Elegy: Boston

August, one of those evenings I walked
the long way home, over the Harvard Bridge,
your image dissolving sweetly like a lozenge
on my tongue. This friendship, I reminded
myself, is everything but wrong.

In like with, not in love with: you.
I already had somebody, what else is there
to do? Suffer, and let the river air it out.
Like a spectator I hovered at the balustrade,
waiting for an early evening regatta,

bright sails, black keels cutting
beneath the railing, turning me
from my yearning, steeling my reeling
mind. Below, breezes herringboned
the rusty water, rush hour traffic knotted behind

me at the center of the bridge. These and other observations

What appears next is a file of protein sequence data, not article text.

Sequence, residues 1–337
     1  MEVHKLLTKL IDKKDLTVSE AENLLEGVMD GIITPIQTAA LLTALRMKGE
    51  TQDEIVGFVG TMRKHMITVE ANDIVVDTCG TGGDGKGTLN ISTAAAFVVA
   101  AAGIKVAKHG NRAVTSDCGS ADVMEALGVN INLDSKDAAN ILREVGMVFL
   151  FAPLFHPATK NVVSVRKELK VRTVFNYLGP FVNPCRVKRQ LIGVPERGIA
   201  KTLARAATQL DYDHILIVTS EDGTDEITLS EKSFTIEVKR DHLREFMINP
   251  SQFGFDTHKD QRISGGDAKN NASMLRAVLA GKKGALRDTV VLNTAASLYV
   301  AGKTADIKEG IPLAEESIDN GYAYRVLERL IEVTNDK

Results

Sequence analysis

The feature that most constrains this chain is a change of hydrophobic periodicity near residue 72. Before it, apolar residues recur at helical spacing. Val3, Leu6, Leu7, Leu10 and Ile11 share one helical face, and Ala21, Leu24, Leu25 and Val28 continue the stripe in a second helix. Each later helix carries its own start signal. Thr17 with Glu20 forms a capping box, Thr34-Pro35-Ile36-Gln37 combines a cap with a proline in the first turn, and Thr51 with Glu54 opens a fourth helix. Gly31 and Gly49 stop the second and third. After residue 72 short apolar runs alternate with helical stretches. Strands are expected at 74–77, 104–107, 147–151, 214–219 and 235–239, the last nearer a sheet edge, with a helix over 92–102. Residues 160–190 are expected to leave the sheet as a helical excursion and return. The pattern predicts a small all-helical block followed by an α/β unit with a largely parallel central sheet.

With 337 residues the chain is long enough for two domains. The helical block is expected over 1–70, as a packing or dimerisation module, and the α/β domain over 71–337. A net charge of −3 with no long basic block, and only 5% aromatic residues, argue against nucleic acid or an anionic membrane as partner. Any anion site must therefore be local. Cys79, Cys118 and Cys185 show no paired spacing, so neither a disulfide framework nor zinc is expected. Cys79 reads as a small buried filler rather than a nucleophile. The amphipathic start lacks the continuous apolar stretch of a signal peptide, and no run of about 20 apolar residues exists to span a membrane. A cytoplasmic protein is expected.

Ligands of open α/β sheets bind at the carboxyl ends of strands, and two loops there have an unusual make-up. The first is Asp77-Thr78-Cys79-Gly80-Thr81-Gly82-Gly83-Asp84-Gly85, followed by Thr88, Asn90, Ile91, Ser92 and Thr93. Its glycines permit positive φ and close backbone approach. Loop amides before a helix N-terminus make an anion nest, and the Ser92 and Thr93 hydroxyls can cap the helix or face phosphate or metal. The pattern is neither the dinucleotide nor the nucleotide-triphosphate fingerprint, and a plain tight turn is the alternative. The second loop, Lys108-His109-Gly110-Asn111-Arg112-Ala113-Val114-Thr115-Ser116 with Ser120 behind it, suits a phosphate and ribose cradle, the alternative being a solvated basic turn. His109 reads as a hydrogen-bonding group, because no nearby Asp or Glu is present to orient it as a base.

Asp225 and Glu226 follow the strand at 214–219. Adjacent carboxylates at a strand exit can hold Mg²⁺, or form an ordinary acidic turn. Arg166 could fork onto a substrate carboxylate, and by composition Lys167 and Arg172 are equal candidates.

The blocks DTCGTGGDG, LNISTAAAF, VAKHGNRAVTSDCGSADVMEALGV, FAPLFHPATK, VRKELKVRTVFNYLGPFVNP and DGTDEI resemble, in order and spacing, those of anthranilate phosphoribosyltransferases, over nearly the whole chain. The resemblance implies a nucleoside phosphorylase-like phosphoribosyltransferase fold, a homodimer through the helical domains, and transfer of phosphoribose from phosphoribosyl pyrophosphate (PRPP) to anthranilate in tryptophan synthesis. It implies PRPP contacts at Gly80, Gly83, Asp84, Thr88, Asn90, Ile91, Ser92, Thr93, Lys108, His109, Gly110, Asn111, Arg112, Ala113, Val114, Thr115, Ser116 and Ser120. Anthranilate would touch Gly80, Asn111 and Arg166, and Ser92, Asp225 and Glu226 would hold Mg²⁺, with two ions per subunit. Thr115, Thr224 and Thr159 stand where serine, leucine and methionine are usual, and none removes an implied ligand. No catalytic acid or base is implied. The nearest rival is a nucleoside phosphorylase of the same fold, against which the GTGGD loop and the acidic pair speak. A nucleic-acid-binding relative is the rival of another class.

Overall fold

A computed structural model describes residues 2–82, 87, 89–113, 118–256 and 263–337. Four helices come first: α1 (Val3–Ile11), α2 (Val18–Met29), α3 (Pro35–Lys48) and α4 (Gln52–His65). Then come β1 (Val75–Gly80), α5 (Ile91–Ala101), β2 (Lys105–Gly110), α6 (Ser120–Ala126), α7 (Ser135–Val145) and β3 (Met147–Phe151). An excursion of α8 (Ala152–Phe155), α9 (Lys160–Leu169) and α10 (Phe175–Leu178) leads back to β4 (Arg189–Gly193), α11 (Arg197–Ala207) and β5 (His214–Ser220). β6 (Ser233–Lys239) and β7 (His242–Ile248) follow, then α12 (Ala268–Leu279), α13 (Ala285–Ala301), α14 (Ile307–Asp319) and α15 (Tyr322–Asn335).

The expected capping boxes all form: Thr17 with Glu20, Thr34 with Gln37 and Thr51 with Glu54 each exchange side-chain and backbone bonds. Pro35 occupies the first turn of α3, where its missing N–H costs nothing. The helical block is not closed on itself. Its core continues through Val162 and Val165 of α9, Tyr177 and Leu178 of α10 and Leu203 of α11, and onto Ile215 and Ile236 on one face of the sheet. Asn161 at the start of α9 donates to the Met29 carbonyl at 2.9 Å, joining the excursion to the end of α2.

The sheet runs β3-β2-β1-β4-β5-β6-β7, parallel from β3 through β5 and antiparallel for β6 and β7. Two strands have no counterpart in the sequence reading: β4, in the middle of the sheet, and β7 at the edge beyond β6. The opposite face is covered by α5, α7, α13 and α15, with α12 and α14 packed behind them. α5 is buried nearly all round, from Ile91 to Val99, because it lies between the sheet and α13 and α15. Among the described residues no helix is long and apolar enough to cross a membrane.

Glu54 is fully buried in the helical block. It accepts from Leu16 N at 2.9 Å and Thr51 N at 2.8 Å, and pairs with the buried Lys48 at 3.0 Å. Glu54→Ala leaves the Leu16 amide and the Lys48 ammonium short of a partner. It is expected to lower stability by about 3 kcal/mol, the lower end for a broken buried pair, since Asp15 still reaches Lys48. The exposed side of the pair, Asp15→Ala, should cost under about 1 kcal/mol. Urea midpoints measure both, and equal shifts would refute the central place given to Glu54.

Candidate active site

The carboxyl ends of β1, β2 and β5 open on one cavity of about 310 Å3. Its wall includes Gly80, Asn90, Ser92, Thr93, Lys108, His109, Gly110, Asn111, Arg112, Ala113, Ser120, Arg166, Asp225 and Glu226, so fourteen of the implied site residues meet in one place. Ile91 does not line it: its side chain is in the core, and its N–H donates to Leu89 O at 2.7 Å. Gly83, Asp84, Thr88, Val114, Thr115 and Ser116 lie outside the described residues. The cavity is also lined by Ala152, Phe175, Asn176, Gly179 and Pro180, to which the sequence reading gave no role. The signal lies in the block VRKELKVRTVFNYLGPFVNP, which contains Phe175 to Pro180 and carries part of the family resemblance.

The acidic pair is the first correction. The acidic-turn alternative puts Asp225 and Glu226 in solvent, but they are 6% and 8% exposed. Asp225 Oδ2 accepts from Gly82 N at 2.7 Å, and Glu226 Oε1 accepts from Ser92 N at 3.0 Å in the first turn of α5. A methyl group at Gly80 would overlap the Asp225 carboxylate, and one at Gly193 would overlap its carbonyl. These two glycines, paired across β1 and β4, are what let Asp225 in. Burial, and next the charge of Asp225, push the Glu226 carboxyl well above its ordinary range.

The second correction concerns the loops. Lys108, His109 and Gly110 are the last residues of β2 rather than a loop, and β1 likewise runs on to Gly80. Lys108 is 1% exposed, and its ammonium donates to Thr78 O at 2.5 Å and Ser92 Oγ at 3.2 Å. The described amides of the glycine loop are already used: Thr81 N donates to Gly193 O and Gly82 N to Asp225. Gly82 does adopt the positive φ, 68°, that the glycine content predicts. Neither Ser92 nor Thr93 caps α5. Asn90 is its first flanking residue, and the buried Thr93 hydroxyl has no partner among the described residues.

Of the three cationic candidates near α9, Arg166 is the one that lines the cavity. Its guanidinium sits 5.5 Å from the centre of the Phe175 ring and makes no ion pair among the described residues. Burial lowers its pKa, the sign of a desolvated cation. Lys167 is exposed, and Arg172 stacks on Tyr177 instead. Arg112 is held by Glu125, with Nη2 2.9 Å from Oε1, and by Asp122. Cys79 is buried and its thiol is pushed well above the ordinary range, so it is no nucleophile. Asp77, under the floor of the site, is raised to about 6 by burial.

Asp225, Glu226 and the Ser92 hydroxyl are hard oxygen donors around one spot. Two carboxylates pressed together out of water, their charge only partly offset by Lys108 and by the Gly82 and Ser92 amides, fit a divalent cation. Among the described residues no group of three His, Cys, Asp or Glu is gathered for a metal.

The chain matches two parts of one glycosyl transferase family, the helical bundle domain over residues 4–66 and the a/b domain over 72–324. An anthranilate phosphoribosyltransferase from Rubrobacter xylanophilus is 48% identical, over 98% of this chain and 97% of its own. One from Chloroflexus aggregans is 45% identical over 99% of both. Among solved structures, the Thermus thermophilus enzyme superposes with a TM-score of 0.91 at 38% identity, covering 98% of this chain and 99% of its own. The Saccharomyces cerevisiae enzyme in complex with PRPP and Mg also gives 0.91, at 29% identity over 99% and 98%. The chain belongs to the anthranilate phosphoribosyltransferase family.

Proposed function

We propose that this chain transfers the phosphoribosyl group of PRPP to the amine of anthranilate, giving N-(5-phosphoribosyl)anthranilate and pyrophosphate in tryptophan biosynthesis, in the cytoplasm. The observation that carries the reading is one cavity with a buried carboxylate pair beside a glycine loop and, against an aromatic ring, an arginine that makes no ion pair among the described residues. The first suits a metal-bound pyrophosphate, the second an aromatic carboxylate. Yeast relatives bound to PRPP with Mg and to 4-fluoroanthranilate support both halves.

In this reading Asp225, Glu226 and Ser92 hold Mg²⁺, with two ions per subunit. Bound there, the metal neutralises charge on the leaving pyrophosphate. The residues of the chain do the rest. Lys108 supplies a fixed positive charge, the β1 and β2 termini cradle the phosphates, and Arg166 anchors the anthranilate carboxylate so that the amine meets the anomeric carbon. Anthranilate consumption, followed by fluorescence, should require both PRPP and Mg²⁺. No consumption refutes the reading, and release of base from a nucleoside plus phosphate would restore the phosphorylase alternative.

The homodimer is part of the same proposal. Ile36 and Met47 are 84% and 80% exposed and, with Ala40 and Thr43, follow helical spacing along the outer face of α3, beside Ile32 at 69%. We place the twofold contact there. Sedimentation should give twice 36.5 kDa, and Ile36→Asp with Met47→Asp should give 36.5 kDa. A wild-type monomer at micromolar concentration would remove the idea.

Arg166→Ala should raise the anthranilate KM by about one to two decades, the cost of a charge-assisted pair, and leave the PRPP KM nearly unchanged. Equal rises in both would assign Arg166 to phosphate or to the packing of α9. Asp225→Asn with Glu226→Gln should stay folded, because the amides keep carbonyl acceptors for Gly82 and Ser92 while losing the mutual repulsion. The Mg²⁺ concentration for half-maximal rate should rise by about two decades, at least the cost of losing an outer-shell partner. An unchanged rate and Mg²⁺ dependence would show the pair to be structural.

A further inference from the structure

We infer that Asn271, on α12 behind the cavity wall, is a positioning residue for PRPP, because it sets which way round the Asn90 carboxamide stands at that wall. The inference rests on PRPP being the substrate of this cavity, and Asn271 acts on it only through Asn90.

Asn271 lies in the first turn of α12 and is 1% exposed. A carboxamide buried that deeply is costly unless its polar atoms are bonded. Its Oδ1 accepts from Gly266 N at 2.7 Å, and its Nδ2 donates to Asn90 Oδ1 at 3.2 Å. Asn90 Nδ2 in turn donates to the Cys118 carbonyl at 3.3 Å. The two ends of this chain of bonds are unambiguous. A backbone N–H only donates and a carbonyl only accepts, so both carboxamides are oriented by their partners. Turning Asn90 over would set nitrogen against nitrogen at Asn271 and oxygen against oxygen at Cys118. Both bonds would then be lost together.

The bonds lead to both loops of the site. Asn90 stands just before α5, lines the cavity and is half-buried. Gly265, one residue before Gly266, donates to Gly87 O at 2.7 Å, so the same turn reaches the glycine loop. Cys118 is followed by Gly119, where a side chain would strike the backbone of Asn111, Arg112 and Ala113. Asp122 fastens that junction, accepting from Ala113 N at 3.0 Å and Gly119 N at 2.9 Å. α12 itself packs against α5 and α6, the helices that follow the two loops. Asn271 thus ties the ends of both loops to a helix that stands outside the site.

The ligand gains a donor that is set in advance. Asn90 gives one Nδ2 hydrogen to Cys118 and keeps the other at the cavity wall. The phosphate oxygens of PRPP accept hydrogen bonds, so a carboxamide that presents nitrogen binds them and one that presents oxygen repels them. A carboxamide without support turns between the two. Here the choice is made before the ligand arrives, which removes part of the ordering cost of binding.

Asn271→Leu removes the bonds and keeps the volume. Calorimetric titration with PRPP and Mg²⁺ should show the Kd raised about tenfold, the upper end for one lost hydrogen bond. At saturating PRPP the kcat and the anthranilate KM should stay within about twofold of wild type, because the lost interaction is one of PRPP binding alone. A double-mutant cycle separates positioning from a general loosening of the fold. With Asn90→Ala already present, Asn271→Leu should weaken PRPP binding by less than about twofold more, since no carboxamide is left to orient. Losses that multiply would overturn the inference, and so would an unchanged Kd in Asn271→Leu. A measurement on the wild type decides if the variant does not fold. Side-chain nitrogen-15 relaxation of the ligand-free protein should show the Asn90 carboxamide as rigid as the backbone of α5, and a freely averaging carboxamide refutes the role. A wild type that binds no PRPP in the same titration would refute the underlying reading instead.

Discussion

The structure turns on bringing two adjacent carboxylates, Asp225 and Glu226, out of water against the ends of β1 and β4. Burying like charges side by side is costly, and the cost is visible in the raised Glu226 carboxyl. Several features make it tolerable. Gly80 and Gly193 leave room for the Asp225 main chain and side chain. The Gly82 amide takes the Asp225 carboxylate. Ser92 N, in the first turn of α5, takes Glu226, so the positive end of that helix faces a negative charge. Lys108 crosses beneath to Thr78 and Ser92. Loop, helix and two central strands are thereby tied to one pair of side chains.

I jotted in my journal, remembering your dark
fingers around my own like riggings, our calls,
brief torrents, anchoring my afternoons. Can I think
through your absence now, in words

as ungainly as these: Institute, 364.4 Smoots, abandoned band shell,
deleted emails, KS, Acyclovir? That night I stalled, not wanting to reach
Boylston, buy books and wine and candy and circle like a gull above
feeling. I stood there, as I sit here now, watching the red-brick
beacons beckoning dimming, like all desires, and loss itself, to mere horizon.

From Punks: New & Selected Poems (The Song Cave, 2021) by John Keene. Copyright © 2021 by John Keene. Used with the permission of the publisher.